The Tribune also writes about Hudson, but looks forward, rather than back, asking, Is Hudson too good for D-Backs to keep?. Jack Magruder thinks, with a good season, Hudson could be looking at $10m-plus per year in his next contract. Chase Utley [seven years, $85m] is mentioned as a "market standard", though that seems significantly more than Hudson would get, since Utley is much more a threat at the plate than Hudson [Career OPS for the two thus far = 126/97 in favor of Utley]. It does raise the question, can the D-backs afford to sign Hudson? Can they afford not to? Should they bother trying? Or do we presume Hudson has peaked and let some other team pick him up on the downside of his career? And if we do, who is going to play second-base?
O-Dawg, too, makes a stab at the cliche record, going with: "I want to spend the rest of my career here. I love it here. Right now, I'm just thinking about getting my team better and about getting to the postseason again - winning the World Series. I'm not thinking about no contract - no way, shape or form. If I do what I'm supposed to do, everything will be taken care of, anyway." Bad luck, Orlando! You end up, tied with Eric on five, one short of the record. [I confess to feeling some sympathy for pro athletes who are expected to wax lyrical and find new, interesting ways of expressing the same sentiments. No matter how genuine the feelings, it's almost impossible for them to do so, without becoming targets for snarky bloggers. But turnabout's fair play: O-Dawg and Byrnes are welcome, any time, to come and mock my hacks in the batting cages at Crackerjacks. ;-)]
The Tribune, also has a cute story, with Special K and JUpton remininscing about time spent growing up. Upton used to accompany big brother BJ on his travel team trips...where he used to play alongside Mark Reynolds. Said Mark of his now-teammate, "He was always just that annoying little brother running around. Him and my brother just made me and B.J.'s life hell." Justin was aged six at the time; I imagine if you'd told him then, that he and Mark would end up as rookies on the same major-league team, he'd have laughed, and gone back to playing with his Pokemon cards or whatever.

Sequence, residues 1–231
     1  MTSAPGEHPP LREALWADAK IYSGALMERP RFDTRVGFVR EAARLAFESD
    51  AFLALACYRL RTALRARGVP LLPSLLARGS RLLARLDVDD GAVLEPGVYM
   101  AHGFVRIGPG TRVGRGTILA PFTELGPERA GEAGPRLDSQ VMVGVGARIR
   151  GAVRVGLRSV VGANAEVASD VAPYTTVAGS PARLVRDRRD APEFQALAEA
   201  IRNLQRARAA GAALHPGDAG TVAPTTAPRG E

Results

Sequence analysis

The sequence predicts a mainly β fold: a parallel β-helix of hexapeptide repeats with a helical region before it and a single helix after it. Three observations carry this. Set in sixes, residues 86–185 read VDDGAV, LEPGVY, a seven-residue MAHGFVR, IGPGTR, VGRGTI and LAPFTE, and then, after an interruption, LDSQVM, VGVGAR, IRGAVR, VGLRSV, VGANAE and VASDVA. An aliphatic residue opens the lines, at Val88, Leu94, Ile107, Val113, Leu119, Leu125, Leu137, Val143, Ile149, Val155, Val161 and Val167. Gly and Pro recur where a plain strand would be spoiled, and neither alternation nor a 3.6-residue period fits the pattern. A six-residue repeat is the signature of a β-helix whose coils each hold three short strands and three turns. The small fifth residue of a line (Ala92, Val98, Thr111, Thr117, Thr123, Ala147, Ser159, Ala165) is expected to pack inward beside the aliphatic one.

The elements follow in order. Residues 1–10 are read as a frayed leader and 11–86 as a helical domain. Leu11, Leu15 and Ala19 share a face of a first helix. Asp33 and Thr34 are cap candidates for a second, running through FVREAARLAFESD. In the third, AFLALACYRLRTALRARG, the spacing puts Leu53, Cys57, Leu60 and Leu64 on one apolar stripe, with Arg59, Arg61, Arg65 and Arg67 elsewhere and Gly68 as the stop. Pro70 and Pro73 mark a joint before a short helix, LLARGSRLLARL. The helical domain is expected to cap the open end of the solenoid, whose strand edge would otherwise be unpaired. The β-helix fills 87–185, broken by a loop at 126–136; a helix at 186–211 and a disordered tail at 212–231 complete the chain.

The good news is, Tony Pena is scheduled to have arrived at Diamondbacks training camp by the end of today, having finally sorted out his visa problems. The bad news is, we have to refer to him for the rest of the season as Carmen Morales. If anyone from the State Department asks, yes, we do have a grandmother, residing in a Sun City retirement home, pitching out of our bullpen. She's got impressive life on her fastball for an 84-year old. Especially one in a wheelchair.
I removed the D-backs 2008 roster from the sidebar. Unlike previous years, there is really precious little to be decided as we go into Spring Training, with the rotation, position players, bullpen and almost the entire bench apparently set. So there's not really much point in listing a roster we all should be able to recite by heart. I also got my copy of the Hardball Times Season Preview 2008 through today, and look forward to using its data for an inside edge during our SnakePit Fantasy Baseball season [the league for which should be opening over the weekend - more info to follow shortly on that]. Go buy a copy.
I also wrote a fantasy baseball preview on the D-backs for RosterMag, the fantasy wing of MVN - a lot more good, free information for rotisserieheads can be found over at rostermag.com. I guess that's somewhat disloyal of me, since MVN are one of SB Nation's rivals, but I'm not going to change. I wear my emotions on my sleeve. I love covering this game. I love having the opportunity to write about professional baseball and I realize how fortunate I am. There's not a day that I take for granted writing about Major League Baseball. Now, why does that sound familiar? :-)
And with that, may battle commence - for the first time in 2008, I get to say, "Let's go, Diamondbacks!" And, boy, does it feel good.